The names of many celestial objects are used in our
everyday language. People talk about black holes, quasars, pulsars, neutron
stars, supernova and many other things. Even candy, like Milky Way, is named
for a galaxy.
The unit of a galaxy is a very dynamic place, in some
areas stars can be born, die, and even explode! The evolution of galaxies
also can be seen within the Universe. Not all galaxies were created at the
same time. All of the stars that are grouped together did not all form at
the same time. However it seems that some galaxies contain older stars, like
the ellipsoidal galaxies. This can mean that they either didn't have that
much fuel in each of the stars or that it formed the earliest and is now
aging. In 1993, some astronomers felt that evidence on ellipsoidal galaxies
leaned toward two galaxies that have merged.
Galaxies are composed of stars. A star is a
ball of hot gas held together by its own gravity. A star forms a diffuse
cloud of interstellar gas condenses due to gravity, and begins to undergo
nuclear fusion. The energy release associated with fusion causes the star to
shine. The energy of fusion balances the starís gravity, preventing it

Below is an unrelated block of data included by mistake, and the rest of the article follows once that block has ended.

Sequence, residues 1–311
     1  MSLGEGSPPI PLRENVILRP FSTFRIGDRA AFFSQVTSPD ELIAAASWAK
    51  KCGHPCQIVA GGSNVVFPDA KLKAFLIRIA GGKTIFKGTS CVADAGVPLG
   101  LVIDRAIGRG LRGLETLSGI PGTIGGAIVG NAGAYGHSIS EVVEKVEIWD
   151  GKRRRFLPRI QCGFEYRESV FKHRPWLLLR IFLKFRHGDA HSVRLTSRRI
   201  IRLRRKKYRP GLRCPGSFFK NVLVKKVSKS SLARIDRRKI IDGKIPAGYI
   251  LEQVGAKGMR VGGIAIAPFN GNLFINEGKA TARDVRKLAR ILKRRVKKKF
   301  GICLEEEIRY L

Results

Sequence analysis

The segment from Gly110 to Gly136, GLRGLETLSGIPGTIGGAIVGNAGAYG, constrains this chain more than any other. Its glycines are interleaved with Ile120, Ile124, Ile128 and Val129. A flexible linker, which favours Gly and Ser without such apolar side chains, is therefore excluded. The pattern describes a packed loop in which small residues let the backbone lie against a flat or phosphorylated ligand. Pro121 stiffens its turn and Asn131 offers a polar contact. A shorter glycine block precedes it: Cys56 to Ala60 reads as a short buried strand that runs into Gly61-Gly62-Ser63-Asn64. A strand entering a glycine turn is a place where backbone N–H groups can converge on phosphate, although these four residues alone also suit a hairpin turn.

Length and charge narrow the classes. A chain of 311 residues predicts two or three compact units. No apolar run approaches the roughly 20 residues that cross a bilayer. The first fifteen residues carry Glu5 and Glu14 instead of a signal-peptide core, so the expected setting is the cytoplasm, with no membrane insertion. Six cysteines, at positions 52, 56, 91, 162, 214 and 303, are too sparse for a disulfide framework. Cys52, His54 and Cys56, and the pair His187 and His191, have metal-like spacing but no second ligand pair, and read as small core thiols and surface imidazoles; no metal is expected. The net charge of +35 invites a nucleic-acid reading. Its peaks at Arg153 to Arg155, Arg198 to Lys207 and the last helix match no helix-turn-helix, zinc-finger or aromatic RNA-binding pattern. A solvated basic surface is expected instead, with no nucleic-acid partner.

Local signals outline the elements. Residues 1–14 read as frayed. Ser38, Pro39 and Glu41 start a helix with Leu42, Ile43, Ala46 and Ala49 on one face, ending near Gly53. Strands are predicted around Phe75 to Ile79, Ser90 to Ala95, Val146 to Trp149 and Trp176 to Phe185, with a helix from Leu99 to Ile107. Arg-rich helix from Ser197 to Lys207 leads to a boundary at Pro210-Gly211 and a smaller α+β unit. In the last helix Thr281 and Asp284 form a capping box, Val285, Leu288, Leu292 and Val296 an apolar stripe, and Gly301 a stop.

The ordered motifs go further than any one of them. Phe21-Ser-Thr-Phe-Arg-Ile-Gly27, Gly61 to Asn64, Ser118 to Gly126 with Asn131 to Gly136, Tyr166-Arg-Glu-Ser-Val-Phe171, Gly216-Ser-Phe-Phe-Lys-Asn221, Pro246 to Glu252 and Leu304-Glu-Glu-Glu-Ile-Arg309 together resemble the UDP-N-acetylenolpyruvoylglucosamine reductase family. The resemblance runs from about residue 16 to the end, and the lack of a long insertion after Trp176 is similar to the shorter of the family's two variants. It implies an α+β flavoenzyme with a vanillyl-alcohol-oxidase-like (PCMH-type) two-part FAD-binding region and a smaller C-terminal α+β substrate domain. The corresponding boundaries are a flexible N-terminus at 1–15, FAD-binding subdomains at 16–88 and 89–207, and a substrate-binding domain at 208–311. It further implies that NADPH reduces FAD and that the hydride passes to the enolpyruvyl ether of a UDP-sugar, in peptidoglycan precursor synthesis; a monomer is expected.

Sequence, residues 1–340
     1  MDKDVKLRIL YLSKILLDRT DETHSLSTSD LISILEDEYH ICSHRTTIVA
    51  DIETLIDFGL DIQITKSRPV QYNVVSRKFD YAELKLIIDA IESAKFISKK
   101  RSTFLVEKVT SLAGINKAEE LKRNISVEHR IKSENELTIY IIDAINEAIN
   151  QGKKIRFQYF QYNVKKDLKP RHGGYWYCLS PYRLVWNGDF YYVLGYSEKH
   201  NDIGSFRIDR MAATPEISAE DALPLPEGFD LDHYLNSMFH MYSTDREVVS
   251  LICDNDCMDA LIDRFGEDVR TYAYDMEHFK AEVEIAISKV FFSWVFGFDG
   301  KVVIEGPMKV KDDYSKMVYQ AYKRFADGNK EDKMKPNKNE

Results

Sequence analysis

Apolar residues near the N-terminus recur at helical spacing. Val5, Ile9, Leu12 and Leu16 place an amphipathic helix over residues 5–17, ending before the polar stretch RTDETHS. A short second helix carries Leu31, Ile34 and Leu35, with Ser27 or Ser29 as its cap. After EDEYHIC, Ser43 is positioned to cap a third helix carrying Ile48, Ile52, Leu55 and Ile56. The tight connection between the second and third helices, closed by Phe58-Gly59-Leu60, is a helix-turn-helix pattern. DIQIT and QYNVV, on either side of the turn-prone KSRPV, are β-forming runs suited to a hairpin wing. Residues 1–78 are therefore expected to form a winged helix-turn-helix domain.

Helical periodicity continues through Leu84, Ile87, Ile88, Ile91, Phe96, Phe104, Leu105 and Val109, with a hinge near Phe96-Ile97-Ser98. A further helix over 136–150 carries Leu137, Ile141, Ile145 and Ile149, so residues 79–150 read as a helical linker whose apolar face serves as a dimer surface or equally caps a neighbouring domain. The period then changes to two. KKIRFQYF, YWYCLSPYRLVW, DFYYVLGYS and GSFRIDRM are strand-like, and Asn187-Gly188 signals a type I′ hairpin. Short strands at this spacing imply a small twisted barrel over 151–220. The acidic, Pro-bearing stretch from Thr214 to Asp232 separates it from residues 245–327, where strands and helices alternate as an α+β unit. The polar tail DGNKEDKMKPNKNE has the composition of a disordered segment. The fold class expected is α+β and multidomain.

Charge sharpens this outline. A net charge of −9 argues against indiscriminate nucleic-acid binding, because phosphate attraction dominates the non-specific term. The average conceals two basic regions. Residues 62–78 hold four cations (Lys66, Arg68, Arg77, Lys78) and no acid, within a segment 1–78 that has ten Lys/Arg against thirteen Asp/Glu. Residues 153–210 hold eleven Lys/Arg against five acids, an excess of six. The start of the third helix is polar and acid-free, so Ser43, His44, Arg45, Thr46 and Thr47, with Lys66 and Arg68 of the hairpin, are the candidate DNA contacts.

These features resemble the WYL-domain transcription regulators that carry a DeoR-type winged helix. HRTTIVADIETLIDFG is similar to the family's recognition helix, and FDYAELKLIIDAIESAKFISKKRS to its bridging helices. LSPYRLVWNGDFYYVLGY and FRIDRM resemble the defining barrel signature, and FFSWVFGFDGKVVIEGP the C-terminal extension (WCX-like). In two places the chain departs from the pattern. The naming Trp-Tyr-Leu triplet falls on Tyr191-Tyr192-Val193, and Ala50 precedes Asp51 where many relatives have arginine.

from collapsing. However, when a starís internal energy dwindles, the star
may fade from sight into a white dwarf star, or a neutron star,
an extremely high density object composed of 99% neutrons. Neutron stars are
probably remnants from supernova explosions.
All phases of the stars seem to be present in galaxies
and not between the empty space between the galaxies. A pulsar is a
rapidly spinning neutron star. For reasons that are not fully understood,
pulsars emit regular bursts "pulses" of radiation. The collapse of
a super massive star may form a black hole, an object whose
gravitational pull is so strong that nothing can escape its pull, not even
light. A globular cluster is a roughly spherical group of hundreds of
thousands to about a million stars. Globular clusters seem to be made of
very old stars. A quasar (short for quasistellar radio source) is a
point source, no more than one light year in diameter that emits tremendous
amounts of energy, as much as hundreds of galaxies. Current hypotheses
suggest that quasars are powered by super massive black holes.
The worksheet has the students look at the "evolution" of
some of the shapes of the galaxies. This theory claims that the spiral
galaxies with large arms were probably formed with a greater burst of
energy than an ellipsoidal galaxy. Go over the sequence given by this
scientist (Dr. Hubble) as he explained how the evolution of the galaxies
may have occurred.